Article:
My photography has been a great impetus to travel. I consider myself very lucky to have visited some wonderful countries and to have met some fascinating people from different cultural backgrounds.
However, in my photographs I have always tried to avoid representing the actual location and instead use whatever features presented themselves to create an image that sits comfortably with my early work photographed in Ireland.
For me, it’s not about the place, it’s about the feeling and the atmosphere that the place creates. Consequently, I shy away from recognisable structures and landscapes that are associated with a specific country or region, but just choose places I want to visit whilst enjoying working in a different climate, light or setting.
How do you respond as a professional photographer to a world in which technology has enabled everyone to become ‘photographers’? Has it changed the way you work?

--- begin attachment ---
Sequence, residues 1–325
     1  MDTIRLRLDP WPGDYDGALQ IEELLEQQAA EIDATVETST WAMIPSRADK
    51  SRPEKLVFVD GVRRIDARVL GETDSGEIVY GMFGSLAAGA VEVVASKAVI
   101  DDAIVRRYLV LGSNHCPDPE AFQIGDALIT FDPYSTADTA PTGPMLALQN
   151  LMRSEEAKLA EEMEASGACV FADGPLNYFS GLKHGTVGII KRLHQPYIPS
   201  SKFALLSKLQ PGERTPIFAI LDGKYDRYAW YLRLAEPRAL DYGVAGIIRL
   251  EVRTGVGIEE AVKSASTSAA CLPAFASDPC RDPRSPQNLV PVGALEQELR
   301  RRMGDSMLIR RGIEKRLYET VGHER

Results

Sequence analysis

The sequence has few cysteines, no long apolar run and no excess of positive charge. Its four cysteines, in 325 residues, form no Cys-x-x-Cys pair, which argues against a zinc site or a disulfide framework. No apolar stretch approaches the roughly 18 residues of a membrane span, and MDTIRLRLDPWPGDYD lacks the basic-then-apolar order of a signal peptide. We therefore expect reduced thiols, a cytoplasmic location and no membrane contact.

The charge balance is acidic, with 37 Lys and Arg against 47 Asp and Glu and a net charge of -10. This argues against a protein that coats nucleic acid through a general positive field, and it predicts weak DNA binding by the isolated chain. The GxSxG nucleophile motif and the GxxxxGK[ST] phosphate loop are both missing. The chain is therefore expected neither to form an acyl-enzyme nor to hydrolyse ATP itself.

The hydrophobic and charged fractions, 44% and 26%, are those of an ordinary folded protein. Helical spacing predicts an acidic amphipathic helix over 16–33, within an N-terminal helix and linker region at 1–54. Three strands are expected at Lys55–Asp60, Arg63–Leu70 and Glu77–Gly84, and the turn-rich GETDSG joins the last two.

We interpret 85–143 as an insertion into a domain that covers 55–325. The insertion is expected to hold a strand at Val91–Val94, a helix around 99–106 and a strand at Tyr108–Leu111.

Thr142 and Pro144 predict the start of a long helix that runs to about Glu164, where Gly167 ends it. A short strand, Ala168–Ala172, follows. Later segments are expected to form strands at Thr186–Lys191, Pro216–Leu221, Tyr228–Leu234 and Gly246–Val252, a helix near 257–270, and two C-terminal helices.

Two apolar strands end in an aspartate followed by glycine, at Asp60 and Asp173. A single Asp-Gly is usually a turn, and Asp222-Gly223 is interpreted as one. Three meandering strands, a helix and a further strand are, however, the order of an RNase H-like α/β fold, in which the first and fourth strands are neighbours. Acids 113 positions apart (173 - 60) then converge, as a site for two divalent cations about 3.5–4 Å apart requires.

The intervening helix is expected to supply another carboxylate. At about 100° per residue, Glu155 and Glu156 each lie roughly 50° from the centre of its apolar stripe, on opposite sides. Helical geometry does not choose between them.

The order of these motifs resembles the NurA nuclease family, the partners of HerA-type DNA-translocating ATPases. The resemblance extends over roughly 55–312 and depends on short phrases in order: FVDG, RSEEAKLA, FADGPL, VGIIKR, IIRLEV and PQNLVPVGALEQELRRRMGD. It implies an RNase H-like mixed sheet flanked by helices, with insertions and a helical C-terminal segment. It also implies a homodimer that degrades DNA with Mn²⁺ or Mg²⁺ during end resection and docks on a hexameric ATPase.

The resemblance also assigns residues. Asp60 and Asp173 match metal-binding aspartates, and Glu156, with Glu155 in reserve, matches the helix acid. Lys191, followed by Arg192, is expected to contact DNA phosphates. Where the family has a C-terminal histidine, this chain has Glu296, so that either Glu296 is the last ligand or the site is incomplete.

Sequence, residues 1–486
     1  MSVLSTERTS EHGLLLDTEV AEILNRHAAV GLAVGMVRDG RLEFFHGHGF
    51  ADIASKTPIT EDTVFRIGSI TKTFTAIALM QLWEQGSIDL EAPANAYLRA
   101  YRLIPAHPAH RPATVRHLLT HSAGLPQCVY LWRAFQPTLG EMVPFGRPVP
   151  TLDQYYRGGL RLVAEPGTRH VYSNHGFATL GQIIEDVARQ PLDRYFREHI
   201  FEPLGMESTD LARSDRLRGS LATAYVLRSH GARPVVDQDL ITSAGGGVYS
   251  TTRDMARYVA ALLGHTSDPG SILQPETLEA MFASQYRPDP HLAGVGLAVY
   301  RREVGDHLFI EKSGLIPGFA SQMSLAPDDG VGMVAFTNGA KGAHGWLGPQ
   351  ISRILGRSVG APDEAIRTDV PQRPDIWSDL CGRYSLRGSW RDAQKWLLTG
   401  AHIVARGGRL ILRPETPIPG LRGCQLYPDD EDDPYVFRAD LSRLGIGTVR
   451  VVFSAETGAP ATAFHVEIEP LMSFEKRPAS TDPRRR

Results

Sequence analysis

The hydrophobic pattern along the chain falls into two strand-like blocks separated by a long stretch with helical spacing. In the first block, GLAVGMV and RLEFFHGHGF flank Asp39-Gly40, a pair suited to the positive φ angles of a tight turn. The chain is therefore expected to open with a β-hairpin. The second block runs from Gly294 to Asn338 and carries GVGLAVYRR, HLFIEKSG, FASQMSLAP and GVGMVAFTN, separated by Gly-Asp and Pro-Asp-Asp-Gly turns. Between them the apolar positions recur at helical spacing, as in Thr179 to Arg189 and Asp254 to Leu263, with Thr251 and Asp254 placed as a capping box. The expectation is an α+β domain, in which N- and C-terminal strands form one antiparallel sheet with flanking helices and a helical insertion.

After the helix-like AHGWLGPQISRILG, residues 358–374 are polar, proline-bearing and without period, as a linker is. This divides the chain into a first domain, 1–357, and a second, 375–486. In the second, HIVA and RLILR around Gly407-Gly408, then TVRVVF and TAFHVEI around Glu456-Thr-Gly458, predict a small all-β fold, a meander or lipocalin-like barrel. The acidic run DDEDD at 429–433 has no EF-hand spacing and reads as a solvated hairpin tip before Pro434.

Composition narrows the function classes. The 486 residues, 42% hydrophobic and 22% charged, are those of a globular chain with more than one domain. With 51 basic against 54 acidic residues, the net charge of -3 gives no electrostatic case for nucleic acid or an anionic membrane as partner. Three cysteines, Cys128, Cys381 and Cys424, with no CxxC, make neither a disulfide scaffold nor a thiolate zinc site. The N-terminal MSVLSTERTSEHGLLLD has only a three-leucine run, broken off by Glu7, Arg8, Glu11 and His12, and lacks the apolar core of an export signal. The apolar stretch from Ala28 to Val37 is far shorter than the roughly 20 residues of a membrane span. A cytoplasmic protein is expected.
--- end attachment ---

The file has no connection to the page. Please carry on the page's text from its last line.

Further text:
In this digital age, when all mobile phones also contain a camera - everyone, is a photographer of sorts. However, when people view a framed piece of photographic fine art, they invariably remark on the probability of the photographer having a “professional” camera.
The inference being, that the standard of the equipment is more relevant than the ability of the photographer. I like to think that the advent of digital has not really changed my way of working. It has however, made the processing and archiving of images more immediate and controllable. To me, it’s all about the visualisation and creation of the final image and not the equipment used, that is important.
What are you working on now and what can we expect from you in the near future?
I have found that the process of editing my images for my book 'Outside' has been a great form of focus for the direction of my photography in the future. It has been refreshing, looking at the work as a collection, rather than as individual images.
Accordingly, I would like to build a collection of images around a specific geographic area. I have somewhere perfect in mind...
We hope you enjoyed this insight into the work of a fabulous artist. With his 25 year retrospective just published, we can't wait for what the next 25 years have to come!